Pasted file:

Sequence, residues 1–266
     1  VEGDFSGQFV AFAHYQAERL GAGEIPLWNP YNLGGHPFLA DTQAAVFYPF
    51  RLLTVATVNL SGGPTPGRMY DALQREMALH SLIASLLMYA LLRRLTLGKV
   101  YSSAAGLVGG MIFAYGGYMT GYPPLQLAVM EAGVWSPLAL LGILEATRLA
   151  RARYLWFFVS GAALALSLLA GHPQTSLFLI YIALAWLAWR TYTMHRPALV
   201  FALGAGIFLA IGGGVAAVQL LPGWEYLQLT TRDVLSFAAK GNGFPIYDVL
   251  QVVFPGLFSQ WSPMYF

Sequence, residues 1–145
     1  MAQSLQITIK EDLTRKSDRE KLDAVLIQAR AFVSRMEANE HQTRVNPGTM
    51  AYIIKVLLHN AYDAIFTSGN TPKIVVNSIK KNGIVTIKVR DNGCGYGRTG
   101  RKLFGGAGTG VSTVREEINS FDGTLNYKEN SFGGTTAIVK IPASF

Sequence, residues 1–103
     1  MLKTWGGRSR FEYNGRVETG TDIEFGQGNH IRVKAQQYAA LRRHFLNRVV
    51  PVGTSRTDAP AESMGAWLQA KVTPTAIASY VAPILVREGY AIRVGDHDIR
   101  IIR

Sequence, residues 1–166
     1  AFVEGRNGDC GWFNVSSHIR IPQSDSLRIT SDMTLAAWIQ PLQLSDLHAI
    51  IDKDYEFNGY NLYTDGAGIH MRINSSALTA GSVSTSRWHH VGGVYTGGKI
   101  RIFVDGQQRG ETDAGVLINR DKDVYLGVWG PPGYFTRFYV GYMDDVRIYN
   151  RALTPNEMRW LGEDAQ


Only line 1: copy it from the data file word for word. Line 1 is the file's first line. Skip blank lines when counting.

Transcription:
Sequence, residues 1–266